Want to cook a romantic meal for a diet-following loved one? Got a family member who’s celiac or diabetic? Here’s a FbB article guest-written on food blog from-our-kitchen.com

There are loads of resources out there with nutritional advice and information about allergies and intolerances, food regulations and legislation, etc., but how do you actually go about planning a menu for special dietary requirements?  Here’s some practical advice from Tor (Victoria) Johnson, host and cook at Float by Boat meditative canal breaks.


All our trips include plentiful tea, cakes and freshly baked bread

All our trips include plentiful tea, cakes and freshly baked bread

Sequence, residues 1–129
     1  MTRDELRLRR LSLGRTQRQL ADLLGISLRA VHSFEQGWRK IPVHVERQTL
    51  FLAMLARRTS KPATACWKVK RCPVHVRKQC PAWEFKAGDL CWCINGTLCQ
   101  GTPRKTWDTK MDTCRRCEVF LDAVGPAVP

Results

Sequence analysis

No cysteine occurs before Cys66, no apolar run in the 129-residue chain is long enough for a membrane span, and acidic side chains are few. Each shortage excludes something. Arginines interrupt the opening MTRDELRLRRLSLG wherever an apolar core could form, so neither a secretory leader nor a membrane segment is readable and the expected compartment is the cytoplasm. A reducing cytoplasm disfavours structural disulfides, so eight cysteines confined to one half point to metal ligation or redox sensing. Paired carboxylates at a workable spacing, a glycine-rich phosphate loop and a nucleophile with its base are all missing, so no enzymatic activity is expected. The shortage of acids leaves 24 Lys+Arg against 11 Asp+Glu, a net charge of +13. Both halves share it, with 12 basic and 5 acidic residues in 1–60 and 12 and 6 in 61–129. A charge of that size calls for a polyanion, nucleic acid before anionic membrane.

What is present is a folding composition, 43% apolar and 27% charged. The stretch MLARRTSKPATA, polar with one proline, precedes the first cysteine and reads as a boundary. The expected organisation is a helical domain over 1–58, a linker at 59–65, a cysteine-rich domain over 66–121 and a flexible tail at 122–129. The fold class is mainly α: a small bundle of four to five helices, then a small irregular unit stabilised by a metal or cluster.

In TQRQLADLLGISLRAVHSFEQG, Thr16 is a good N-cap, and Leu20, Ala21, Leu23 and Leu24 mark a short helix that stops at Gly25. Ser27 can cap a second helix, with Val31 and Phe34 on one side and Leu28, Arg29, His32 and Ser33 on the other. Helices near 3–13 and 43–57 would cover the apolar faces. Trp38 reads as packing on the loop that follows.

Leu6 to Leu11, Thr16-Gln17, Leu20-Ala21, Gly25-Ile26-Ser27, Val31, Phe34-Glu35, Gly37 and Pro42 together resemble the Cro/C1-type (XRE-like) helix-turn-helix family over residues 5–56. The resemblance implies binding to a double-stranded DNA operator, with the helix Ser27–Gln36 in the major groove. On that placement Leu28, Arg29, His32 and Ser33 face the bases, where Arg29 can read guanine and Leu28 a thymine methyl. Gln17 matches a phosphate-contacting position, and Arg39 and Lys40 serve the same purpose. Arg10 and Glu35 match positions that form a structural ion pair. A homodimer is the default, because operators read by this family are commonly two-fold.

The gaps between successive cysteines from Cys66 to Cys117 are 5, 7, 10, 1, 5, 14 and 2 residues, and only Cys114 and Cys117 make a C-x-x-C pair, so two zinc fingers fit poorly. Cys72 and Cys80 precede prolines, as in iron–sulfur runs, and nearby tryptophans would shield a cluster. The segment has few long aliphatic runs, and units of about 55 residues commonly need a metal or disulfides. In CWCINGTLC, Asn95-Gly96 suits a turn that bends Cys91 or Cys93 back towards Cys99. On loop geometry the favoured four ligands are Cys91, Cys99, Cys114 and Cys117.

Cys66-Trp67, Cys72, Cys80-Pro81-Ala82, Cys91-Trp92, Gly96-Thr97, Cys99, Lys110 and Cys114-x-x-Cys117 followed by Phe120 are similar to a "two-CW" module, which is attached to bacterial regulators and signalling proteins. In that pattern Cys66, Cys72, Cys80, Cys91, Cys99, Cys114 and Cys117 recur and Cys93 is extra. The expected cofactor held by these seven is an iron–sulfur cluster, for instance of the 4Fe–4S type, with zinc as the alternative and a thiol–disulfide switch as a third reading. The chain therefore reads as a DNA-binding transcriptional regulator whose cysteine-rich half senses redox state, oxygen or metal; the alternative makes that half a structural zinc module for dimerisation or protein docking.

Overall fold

Float by Boat provides peaceful, floating eco-breaks on a charming narrowboat called Spirited Away.  It offers a program of meditative retreats and takes bookings from private groups too.  With all the food onboard exclusively vegetarian or vegan, freshly prepared and, where possible, locally sourced, it’s a huge part of the experience.  As such, guests tend to be really into nutrition and taking care of themselves.  As a bit of a ‘foodie’ myself and keen to take good care of my slightly wobbly body, I love to cook meals that are both wholesome and nutritious, whilst still tasting a little bit special or naughty.  And, despite some peoples’ grumbles towards faddy diets and picky friends, I think aiming to please is important when cooking for others.  The importance of what we put into our bodies can’t be underestimated and we’re all experimenting to find just the right combination to stay healthy.  Therefore, from vegan to lactose-free, raw to paleo, diabetic to celiac, mushroom-, tomato- or banana-haters, I’ve really encouraged guests to state their likes and dislikes, as well as the necessary allergy or intolerance related requirements.  Nowadays I’ve become quite accustomed to cooking for all manner of diets and with a wide range of ingredients.  Here are my tips.